UPDATE : Pound is tumbling as Asian markets open tonight. The pound is now at the weakest it has ever been against the Euro, tumbling against the Swiss Franc as well. Guido is short…
Who is telling the truth at the top of Government? The Prime Minister says the economic situation isn’t as bad people think and that Britain is well placed to weather the economic storm, but the Chancellor says we are at a 60 year low. Gordon Brown has briefed out stories that he has an economic recovery plan all worked out, meanwhile the Chancellor says the downturn will be more profound and long-lasting than people thought.
Mulling over whether or not to bet the shop against sterling…
UPDATE : The Chancellor in the interview does appear to know the price of eggs. We can relax. Phew.
Could it have something to do with George Bush’s timely $150 billion bi-partisan growth stimulus package in February? Both the Democrats and Republicans are running on tax cutting platforms. We have bi-partisan tax and spend sloth policies. Guido understands the politics of it, the economics of it are what disappoints. The Finkelstein “you can’t win promising tax cuts” approach was always timid, it is now the wrong strategy at the wrong time. The voters have moved on, they recognise the economy needs tax cuts to grow.
“Taxpayers have every reason to be angry: with the private-sector managers and directors who behaved appallingly and have never been brought to book; the company auditors who passed last year’s accounts without spotting the big holes in the company books; the regulators (the FSA) who also gave the Northern Rock a clean bill of health; and the government, which was at best naive and at worst dishonest when it claimed to have secured the government’s loans.”
Why didn’t Vince ask the key question, what are the taxpayers billions in loans secured against?
UPDATE : LibDem Voice is rushing to the defence of old twinkle toes. Essentially saying nationalisation was the least bad option. Well that is a question of judgement. Guido does not think expropriation is the solution to anything in any circumstances except perhaps war. The best solution would have been to wind-up Northern Rock, which is what Guido said at the time and Redwood told Cable in the debate.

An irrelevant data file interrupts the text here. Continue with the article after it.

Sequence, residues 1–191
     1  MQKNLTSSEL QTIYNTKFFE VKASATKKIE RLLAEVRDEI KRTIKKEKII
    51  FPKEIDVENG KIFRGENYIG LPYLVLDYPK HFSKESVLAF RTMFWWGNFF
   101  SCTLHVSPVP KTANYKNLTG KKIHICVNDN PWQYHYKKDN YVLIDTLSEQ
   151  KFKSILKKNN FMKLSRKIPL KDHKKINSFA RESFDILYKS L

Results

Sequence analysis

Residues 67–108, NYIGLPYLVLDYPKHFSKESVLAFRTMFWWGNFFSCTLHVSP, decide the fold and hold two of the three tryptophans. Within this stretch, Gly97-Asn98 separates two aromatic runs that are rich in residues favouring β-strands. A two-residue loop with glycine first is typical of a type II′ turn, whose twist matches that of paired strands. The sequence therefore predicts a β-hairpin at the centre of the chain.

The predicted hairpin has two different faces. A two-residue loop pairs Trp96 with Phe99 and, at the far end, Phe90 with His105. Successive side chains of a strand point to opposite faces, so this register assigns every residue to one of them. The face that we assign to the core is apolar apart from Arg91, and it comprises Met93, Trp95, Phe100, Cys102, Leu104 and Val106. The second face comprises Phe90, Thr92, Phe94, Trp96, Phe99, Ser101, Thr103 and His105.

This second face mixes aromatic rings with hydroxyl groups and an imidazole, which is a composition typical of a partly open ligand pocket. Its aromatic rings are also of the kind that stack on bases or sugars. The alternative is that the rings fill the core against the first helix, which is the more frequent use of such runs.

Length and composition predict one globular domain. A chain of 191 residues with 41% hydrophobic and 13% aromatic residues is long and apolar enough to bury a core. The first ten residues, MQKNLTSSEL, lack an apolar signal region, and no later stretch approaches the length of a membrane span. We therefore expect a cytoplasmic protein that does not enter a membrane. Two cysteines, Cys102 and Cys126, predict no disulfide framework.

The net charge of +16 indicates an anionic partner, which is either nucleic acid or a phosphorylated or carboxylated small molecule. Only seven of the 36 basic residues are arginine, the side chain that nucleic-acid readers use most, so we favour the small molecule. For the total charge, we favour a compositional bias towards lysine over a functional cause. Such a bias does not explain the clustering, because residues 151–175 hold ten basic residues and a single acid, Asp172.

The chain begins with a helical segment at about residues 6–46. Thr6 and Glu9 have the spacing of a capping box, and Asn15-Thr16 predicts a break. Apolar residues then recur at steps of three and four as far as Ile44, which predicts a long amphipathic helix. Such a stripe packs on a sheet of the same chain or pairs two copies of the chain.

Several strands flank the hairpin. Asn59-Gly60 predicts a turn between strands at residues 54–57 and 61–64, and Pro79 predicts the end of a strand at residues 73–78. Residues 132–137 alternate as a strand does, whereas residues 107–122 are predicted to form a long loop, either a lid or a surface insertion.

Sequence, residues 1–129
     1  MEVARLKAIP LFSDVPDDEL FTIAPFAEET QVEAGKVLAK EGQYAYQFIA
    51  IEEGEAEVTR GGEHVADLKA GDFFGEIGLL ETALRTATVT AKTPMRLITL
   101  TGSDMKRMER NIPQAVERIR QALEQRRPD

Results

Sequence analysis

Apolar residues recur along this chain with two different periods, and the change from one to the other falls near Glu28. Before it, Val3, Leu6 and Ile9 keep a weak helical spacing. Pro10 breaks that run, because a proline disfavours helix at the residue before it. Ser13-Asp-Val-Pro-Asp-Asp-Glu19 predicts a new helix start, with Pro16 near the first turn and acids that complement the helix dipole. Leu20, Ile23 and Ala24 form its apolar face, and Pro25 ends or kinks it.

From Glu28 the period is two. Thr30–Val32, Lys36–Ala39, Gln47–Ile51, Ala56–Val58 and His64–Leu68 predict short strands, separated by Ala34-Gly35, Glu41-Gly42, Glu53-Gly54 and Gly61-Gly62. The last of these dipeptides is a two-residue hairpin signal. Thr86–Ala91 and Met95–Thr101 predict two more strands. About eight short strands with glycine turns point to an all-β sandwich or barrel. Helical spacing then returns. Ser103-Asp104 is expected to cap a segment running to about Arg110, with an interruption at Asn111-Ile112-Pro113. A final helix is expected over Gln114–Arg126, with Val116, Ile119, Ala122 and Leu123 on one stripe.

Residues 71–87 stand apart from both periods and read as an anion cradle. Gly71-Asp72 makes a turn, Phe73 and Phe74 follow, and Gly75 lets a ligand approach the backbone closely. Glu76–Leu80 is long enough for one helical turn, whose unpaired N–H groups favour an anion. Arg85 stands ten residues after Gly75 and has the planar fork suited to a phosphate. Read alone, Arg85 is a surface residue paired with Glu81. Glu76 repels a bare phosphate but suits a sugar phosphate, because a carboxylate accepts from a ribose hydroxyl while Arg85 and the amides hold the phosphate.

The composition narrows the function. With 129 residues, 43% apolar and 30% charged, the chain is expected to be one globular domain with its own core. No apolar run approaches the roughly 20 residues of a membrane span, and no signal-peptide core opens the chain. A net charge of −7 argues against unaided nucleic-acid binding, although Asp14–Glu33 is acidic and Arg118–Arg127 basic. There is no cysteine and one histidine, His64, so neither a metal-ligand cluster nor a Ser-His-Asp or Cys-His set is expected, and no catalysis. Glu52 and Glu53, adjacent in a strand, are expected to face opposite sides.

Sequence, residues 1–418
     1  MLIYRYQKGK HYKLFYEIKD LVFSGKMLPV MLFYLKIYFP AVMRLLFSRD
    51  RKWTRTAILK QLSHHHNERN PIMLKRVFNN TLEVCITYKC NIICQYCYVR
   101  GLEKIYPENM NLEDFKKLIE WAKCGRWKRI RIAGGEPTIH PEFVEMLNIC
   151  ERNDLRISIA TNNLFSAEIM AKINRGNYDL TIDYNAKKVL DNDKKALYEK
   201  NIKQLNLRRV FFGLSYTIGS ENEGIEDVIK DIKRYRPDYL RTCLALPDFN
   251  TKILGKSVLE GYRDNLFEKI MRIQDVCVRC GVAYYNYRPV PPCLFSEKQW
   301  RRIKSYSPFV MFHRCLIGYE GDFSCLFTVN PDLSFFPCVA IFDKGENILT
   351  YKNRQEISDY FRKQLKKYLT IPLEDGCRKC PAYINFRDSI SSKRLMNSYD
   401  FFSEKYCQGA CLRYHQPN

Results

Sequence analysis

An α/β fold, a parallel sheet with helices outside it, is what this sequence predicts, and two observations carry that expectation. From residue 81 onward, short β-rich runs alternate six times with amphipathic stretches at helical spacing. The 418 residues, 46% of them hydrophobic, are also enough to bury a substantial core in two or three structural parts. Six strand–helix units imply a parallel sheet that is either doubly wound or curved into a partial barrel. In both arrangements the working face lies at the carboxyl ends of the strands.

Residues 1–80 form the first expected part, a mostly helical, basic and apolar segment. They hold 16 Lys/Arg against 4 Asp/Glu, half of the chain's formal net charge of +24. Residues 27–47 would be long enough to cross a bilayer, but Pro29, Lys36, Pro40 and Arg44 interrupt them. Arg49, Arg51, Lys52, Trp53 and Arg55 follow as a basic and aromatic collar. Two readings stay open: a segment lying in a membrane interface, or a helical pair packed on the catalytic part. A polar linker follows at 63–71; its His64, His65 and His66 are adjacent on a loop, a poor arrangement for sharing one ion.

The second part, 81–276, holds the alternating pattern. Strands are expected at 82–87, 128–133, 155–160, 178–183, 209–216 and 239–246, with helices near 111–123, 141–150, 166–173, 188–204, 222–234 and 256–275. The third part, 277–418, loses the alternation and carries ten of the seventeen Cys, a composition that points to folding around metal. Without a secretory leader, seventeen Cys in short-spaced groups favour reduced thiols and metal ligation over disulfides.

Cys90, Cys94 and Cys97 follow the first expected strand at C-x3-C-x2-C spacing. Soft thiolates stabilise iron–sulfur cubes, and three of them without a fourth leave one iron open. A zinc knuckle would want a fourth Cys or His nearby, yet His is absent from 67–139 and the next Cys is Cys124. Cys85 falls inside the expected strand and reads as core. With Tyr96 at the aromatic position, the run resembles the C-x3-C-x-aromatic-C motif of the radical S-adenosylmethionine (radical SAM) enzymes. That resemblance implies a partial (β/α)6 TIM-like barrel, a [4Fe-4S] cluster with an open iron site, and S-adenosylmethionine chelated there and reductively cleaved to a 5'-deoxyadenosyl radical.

The Tories sent mixed messages, essentially they didn’t want to nationalise it (they are not that left-wing) but they didn’t want to say “put it into administration” (John Redwood was the most coherent Tory voice on the issue here and here).
Cable today says that he knew all along that it was iffy:
“These figures confirm the suspicion, held by many of us, that the Government and the regulators were badly deceived by Northern Rock’s former managers when they agreed to bail it out on the basis that it was a good bank with a good loan portfolio… I am encountering cases of people being repossessed as a result of deeply foolish loans and the bank and the taxpayer who now own Northern Rock are having to absorb the resulting losses”
So why did Vince happily congratulate Gordon on nationalising the Rock? Socialising the losses and privatising the profits is not a good deal for the taxpayers. Vince is currently on a damage limitation tour of newsrooms salvaging his reputation for sound judgement…
Now we have a situation where £100 billion of taxpayer’s money has been bet on the UK property market as it goes south. Gordon Brown and Alastair Darling repeat the mantra that the public’s money is secured against the bank’s assets. The bank’s assets are what exactly? The equity in mortgagor’s homes belongs not to the bank, it belongs to the homeowners. The only properties Northern Rock has an interest in are it’s own branches and offices. The only homes it owns are those where it forecloses, usually and increasingly at a loss due to negative equity (remember all those 125% offers).